As the American Society of Clinical Oncology’s recent Road to Recovery report asserts, we must build on the lessons the COVID-19 pandemic has brought to oncology—specifically practical improvements to processes that can streamline efficiency and access to cancer clinical trials. If you haven’t already, please take time to explore the ACCC resources developed over the past months that aim to strengthen community oncology’s potential role in the future of cancer clinical studies. These include a webinar series (see below), podcasts, and an ongoing article series in Oncology Issues that highlights how community practices and cancer programs are succeeding in improving access to clinical trials in the community.
In closing, I want to thank the members of the President’s Theme Task Force and the ACCC membership for your dedication to improving patient care. Although this is the final issue of the Research Review, in the coming months look for more resources, tools, and practical information from ACCC on how community oncology can amplify its role in cancer clinical trials.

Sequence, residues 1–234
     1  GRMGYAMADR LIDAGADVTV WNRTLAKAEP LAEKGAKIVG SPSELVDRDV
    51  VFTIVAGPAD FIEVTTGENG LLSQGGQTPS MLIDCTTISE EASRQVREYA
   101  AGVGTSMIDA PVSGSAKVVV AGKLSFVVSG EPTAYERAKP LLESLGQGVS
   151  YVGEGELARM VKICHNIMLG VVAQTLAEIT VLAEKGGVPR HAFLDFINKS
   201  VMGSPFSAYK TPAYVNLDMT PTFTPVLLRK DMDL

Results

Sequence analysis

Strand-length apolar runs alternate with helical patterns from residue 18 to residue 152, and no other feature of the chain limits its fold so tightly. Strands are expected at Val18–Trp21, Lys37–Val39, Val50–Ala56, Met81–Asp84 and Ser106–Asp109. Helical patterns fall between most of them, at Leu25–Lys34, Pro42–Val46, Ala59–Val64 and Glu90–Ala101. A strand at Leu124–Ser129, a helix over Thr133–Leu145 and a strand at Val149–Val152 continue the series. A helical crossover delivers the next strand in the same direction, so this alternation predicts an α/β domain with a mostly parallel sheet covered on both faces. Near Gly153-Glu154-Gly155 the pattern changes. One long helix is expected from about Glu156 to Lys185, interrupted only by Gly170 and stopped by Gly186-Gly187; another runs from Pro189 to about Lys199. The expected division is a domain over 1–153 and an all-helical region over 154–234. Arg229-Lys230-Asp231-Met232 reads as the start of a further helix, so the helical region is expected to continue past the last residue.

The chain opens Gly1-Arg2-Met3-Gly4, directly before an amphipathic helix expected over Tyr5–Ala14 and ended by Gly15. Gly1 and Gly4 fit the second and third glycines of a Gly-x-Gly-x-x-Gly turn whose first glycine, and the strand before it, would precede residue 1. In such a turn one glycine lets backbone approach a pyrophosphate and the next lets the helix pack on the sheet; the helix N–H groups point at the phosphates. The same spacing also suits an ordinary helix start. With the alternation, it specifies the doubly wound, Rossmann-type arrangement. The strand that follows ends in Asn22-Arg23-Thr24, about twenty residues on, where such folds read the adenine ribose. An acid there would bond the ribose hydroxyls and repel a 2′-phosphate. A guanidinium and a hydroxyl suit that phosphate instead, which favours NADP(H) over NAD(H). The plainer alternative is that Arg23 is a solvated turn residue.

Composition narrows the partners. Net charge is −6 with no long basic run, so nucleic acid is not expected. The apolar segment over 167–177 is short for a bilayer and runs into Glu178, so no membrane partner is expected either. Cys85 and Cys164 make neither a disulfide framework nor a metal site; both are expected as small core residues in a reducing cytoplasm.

Although cancer incidence and mortality overall are declining in the U.S., certain underserved communities continue to be at risk of developing or dying from particular cancers. More work needs to be done to address the needs of these populations, and critical in that work is engaging marginalized communities in their care, providing bias training to healthcare professionals, and forming impactful, collaborative relationships with patients, caregivers, and local agencies.
On Thursday, March 18, 3:00 – 3:45 PM EDT, an expert panel will review currently available data on cancer care disparities, discuss the needs of disadvantaged populations, and share practical solutions and methods for implementing bias training and bidirectionally engaging your cancer program or practice with local community representatives.